By Shawnta Barnes This year marks the 25th anniversary of World Mental Health Day. This day was founded by the World Federation for Mental Health and is celebrated on October 10 each year. This year’s theme is, “Mental health in the workplace.” Over the last few years, mindfulness and social emotional learning have become buzzwords in schools.… Continue reading Mental health matters not just for students, but for their teachers too
by Tracy Dell’Angela SAT scores are way up this year, the College Board reported this week. And that might be cause for celebration, if you wanted to ignore these three facts. The test is easier than it was a year ago. The achievement gap between students of different races and parental education levels is just as… Continue reading Higher SAT scores no cause for celebration–fewer than half of test-takers are college ready
Dear Matt Damon – You don’t know me, although we do have some mutual acquaintances. Those would be families whose children attend(ed) a New York City private school alongside your daughters. I, in fact, am the person who helped them with the application process for those schools. Because that’s what I do, Matt Damon. I help… Continue reading An Open Letter To Matt Damon Who Only Wants School Choice For His Kids – Not Yours
By David McGuire Imagine if school was centered and designed around the needs of all students? It is a fairly simple question that seems to have a very simple answer; the answer is personalized learning. What is personalized learning? The beauty is there is not a concrete definition. Personalized learning will look different in every… Continue reading Guest Post: Boys of Color Need Personalized Learning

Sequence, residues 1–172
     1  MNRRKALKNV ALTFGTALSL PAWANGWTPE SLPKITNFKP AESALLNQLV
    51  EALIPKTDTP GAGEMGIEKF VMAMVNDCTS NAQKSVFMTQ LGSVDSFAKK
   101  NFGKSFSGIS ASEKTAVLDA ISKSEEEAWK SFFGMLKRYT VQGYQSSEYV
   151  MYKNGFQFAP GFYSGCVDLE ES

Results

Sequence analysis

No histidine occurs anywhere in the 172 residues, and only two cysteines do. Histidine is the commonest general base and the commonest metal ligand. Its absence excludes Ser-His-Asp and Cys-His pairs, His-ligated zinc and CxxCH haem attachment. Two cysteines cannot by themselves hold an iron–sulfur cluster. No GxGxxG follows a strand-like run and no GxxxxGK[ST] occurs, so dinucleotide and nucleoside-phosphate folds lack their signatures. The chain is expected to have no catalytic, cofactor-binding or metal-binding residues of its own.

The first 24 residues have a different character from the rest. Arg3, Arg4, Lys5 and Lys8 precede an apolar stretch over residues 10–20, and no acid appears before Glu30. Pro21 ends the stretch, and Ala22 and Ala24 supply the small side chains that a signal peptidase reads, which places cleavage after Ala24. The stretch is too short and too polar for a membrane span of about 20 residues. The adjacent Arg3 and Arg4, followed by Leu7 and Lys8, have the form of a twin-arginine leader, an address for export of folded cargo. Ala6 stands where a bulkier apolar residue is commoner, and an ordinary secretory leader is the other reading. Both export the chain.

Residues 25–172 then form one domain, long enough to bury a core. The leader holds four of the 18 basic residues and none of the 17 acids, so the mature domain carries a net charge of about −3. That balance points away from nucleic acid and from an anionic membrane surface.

By Tracy Dell’Angella We’ve known this for a while, but here’s another survey to add fuel to the fire: Parents tend to inflate their kids’ academic progress and deflate their kids’ emotional resilience. In a nutshell, they don’t worry enough about the fact that schools are increasingly unable to prepare students with the skills they… Continue reading Guest Post: Parents, Why Are We Doing This?
By Peter Cunningham On August 1, Celine Coggins, a former classroom teacher who founded an organization called Teach Plus, will publish a new book about the importance of engaging teachers in policy development. It’s called “How to Be Heard.” I have just begun reading it, and I am hopeful it will drive dialogue about the… Continue reading How About Pro-Teacher Teachers’ Unions?
By Jason Allen Don’t get me wrong, as a member of the NAACP, former youth & college division leader, founder of the my college chapter and liaison between local schools to the ACTSO competition, I believe in the local, regional and national work of NAACP leaders. However, this time, I believe that the NAACP as… Continue reading Dear NAACP, Don’t Talk About Equality, Be About It!
By Jessica Waters I remember the day like it was yesterday. The year was 2013 and I was in the oval office with President Obama to receive an award for excellence in teaching. I was there as the 2013 RI Teacher of the Year to represent the teachers in my state and to honor the… Continue reading We Can’t Let Our Love For Our Students Morph Into Low Academic Expectations
By Gwen Samuel While many were celebrating the 4th of July with hamburgers, hotdogs, fireworks and good ole fashioned apple pie, I was rereading Frederick Douglass’ speech of July 5, 1852, “What to the Slave Is the Fourth of July?” and applying it to the state of education for Black, brown and poor children in… Continue reading Gwen Samuel: If You Are Silent About My Oppression, You are My Oppressor
By Dashaun Robinson For many young people at risk in today’s world, an internal battle exists pitting monetary gains against self enlightenment. Which is stronger: education or money? Now if you’re saying to yourself, “well that’s an easy one,” then you are probably reading this from your comfy desk, at your stable job. But for… Continue reading Push Us Towards Education, Please.